The following images are examples of water infrastructure & health hardware failures found:

Gr1 Img 0018Water mains isolation valve box filled with dirt 

Gr3 Mineral Salt Probs Solarsolar HWS leaking water with high mineral salt content

Gr4 Leaking Salt Water Decays Roof Sheetingleaking salt water decays roof sheeting

Gr5 Corroded Tapseat Min Watercorroded tapseat

Gr6 Img 0072water drainage issues due to leaking tap (attempted repair with timber stake

Gr7 At Wall Corrosion Leakind corrosion of wall sheeting due to leaking tap

Gr8 In Wall Breach Failure inwall breach failure

back to top

The solution

This project:  

  1. Developed a workflow focused database/survey program to improve targeting of housing R&M funds
  2. Developed workflow practices that emphasise ‘outcomes’ rather than’ process’ (data flow diagrams) to ensure quality control of R&M work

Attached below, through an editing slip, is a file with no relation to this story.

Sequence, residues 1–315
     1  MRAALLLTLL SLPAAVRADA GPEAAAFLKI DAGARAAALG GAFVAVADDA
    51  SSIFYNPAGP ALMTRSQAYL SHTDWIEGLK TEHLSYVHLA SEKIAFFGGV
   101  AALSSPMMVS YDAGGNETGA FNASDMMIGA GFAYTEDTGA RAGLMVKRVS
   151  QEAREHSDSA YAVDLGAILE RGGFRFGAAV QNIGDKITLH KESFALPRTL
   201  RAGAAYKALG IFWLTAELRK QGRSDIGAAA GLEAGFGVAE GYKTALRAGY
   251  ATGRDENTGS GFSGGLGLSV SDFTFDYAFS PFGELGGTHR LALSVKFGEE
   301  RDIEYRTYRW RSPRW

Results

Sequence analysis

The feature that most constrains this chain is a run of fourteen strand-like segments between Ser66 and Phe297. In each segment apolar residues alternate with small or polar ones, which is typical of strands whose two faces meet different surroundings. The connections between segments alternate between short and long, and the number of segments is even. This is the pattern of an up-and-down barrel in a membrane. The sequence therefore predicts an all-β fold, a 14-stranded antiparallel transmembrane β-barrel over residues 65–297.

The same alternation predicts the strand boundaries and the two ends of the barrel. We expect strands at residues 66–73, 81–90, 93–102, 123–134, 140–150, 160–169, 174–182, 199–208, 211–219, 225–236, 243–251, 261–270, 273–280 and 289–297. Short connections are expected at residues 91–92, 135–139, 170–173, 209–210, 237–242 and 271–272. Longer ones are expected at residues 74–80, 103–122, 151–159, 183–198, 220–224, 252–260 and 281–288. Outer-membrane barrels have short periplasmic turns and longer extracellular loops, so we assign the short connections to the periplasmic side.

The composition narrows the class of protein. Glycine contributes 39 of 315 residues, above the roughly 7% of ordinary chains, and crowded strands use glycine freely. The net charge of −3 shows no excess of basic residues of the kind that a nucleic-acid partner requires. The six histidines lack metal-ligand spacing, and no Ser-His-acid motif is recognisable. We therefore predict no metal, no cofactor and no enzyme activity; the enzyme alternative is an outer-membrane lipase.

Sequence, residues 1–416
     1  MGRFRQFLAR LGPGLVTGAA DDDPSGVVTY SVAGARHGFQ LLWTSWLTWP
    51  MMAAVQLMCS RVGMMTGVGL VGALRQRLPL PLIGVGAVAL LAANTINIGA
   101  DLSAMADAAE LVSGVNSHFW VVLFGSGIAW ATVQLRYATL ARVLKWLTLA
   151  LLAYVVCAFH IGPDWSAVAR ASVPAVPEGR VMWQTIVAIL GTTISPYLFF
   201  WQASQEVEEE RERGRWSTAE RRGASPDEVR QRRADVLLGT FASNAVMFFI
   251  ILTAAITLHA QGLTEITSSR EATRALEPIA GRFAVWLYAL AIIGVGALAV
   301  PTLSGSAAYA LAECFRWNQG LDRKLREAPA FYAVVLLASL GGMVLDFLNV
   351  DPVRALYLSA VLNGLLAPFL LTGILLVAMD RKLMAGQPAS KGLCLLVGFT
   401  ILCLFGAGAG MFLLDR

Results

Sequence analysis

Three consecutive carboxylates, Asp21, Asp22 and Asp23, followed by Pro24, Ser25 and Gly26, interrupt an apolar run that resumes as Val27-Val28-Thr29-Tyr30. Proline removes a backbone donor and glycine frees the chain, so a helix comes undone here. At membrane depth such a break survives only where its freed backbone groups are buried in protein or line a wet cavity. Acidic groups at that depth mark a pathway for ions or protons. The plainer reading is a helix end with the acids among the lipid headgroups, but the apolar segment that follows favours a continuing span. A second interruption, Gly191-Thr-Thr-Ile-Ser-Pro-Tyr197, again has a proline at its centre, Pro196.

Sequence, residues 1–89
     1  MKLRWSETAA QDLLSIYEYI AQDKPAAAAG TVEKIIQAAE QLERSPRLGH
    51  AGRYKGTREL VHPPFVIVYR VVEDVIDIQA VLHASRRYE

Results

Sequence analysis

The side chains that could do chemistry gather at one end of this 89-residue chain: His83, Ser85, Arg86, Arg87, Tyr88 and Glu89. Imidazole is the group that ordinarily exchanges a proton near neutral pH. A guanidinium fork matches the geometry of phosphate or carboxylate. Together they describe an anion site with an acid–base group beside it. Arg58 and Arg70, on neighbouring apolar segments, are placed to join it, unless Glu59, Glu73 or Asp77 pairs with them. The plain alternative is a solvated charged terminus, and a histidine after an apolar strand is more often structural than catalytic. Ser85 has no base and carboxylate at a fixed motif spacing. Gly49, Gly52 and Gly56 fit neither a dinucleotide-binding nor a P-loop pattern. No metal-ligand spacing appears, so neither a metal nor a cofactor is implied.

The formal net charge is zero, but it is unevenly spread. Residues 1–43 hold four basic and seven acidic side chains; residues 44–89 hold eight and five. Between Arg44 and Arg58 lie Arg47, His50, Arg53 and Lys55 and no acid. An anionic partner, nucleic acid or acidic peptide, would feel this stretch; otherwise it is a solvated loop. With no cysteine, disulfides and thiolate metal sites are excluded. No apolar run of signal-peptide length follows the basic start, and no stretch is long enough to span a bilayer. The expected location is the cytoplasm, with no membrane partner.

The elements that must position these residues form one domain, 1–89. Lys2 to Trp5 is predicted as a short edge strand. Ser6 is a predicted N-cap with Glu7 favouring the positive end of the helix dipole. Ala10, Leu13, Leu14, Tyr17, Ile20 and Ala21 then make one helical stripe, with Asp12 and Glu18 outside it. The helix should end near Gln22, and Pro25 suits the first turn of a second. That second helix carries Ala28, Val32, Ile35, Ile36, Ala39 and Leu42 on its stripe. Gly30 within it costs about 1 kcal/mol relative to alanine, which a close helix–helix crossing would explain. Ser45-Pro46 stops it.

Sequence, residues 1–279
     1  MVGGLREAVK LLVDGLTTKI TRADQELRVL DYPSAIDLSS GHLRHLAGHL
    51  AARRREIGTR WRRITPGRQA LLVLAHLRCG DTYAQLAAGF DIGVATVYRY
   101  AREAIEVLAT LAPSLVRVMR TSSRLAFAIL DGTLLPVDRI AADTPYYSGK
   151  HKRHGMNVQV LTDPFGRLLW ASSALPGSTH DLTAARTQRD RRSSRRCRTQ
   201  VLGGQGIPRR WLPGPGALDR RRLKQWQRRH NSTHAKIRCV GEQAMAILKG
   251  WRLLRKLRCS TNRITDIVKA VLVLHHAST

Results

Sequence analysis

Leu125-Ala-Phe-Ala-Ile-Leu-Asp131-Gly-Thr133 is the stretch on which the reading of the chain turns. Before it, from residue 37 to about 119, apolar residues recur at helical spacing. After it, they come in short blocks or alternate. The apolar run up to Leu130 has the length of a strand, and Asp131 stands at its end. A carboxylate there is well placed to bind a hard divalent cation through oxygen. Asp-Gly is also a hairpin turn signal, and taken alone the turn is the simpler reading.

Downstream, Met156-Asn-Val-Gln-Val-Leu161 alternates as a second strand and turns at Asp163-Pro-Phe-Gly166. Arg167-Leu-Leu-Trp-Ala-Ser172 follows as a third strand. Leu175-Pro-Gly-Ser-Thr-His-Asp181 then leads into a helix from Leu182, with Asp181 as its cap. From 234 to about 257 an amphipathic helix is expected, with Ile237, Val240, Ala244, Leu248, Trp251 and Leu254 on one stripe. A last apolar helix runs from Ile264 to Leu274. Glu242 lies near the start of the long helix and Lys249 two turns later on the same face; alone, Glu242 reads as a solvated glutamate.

3. Trialed remote data management procedure
  4. Trialed new tenant engagement strategy- ‘Women in Technology’ workshop to further engage tenants in critical health and safety hardware awareness
  5. Employed local indigenous housing worker

back to top

Trial projects

This project developed a workflow focused database/ survey program and trialed it at a community in Central Australia.

The trial showed:

1. The database/ survey program will assist targeted decision making and provide a framework for continuous improvement in the delivery of R&M services

2. The focus on workflow 'outcomes' has highlighted a lack of quality control by the Housing provider at both the project management level and individual job management level.

  • Housing R&M programs should undergo periodic and comprehensive workflow analysis review. 
  • The aim of the review is to identify, establish and monitor benchmark procedures.
  • These procedures ensure the alignment of policy directives with the actual day to day work activities of staff members

3. The use of remote technology at the trial community level, for data collection, project support and reporting was problematic. Internet access was available but there was limited IT resource management capability.